The famous phrase “women rights are human rights” was first spoken 25 years ago, when the nations of the world met in Beijing, China to make concrete commitments to close gender gaps. Since then, hundreds of local and international organizations have been working to uphold women’s rights and achieve equal economic participation, including the Inter-American Development Bank (IDB). Yet, according to the 2020 Global Gender Gap Report by the World Economic Forum (WEF) we won’t achieve gender parity for at least 100 years.
In light of this and with ten years to 2030, it is important to ask ourselves what Latin America and the Caribbean (LAC) countries are doing to close their gender economic gaps, and what the role of Multilateral Development Banks (MDBs) can be in supporting countries to achieve it.
Equal economic participation in the region
Despite advancements, gender economic gaps persist. In LAC, women’s labor force participation growth and the reduction of gender salary gaps have stagnated, female jobs remain clustered in low productivity sectors, and women’s leadership at the c-suite in the private sector is scarce. In fact, women’s labor force participation remains below that of men (58,3% versus 82,3%) and they earn in average 87,2% of men’s salaries. These should not be surprising facts.
Several LAC governments, together with the private sector, have been discretely working to make sure the status quo remains no longer. Leaders in LAC have built concrete three-year action plans to close gender economic gaps in the region. They have done so by building Gender Parity Accelerators (IPGs for their Spanish acronym) with the support of both the IDB Group and WEF, focusing on three main objectives:
- Increasing women’s labor force participation,
- Reducing the gender salary gap,
- Bolstering women’s leadership in both the public and the private sectors.
At the same time, evidence has flourished about the benefits of having a more diverse workforce. Labor markets with full gender parity could increase global GDP by $28 trillion by 2025. This would mean a 26% potential GDP increase worldwide. For Latin America, the incremental GDP opportunity of bridging the gender gap would be 34% in a full-potential scenario.
Driving change through action
Understanding these latent benefits, Chile was the pioneer, launching an IPG in 2016. Today, over 170 companies are part of the accelerator, and over one third of them have created company-level action plans to achieve gender parity at an internal level. It is no coincidence that the country has established priorities to extend childcare programs, improve childcare policy frameworks, create databases of women leaders in the public sector among other achievements.
During the G20 meetings of 2018, Argentina launched an IPG as well, presenting it as a best practice to the biggest economies in the world. The gaucho country has created a gender parity certification for private sector companies and was the first country in the world to receive a policy-based loan (PBL) from the IDB to close gender gaps.
In Panama, the IPG has managed to pass laws on gender salary gaps and women’s participation at the c-suite of public companies. The IPG in the country was even transformed by presidential decree into the National Council for Gender Parity, making the accelerator part of the institutional framework. These efforts allowed Panama to receive the second gender policy-based loan financed by the IDB, aiming to fiscally support the implementation of concrete actions to close gender gaps.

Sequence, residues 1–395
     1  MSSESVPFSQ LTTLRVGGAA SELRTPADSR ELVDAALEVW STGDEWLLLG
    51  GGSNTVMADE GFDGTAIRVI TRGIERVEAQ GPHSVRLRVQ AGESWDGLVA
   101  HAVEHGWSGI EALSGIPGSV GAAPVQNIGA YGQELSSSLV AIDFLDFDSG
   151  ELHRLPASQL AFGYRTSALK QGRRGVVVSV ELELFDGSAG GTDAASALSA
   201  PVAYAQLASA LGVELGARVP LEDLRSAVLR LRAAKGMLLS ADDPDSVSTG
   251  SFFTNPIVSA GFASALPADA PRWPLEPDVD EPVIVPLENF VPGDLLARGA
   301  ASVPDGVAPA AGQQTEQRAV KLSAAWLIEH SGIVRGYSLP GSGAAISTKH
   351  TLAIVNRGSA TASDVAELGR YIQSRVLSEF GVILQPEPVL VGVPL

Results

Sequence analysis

Additionally, over the past two years, Colombia, Costa Rica, the Dominican Republic and Peru announced at the WEF Davos annual meetings that they would follow in the footsteps of their regional peers, and even inspired France to make the same commitment last year. In fact, Colombia launched its action plan in November 2019 and the Dominican Republic and Costa Rica will unveil theirs in the first half of 2020.
Commitment and innovation: the key to success
Action plans were created with the technical support of a multi-sectoral team at the IDB, the WEF and most recently with the collaboration of the French Development Agency (AFD for its French acronym). They include actions such as analyzing and recommending the best paternity leave scheme for the countries, working on leadership programs for women in the private and the public sector, designing and promoting a specific toolbox for companies to close their gender economic gaps, reforming or implementing laws on equal pay, improving childcare programs, and working to promote women’s inclusion in STEM careers and jobs, just to name a few of the ambitious and pragmatic commitments LAC countries have made.
But beyond the action plans, the key to success will be to maintain the political will from governments and private sector leaders to implement them. The world has its eyes set on LAC where citizens are clamoring multisectoral dialogues and innovative solutions to their needs. It seems like these countries have taken on the challenge and the IDB Group, the WEF and the AFD teams are committed to support them by continuing to put their technical expertise and financial instruments at the service of a region that continues to pioneer inclusive solutions to improve lives.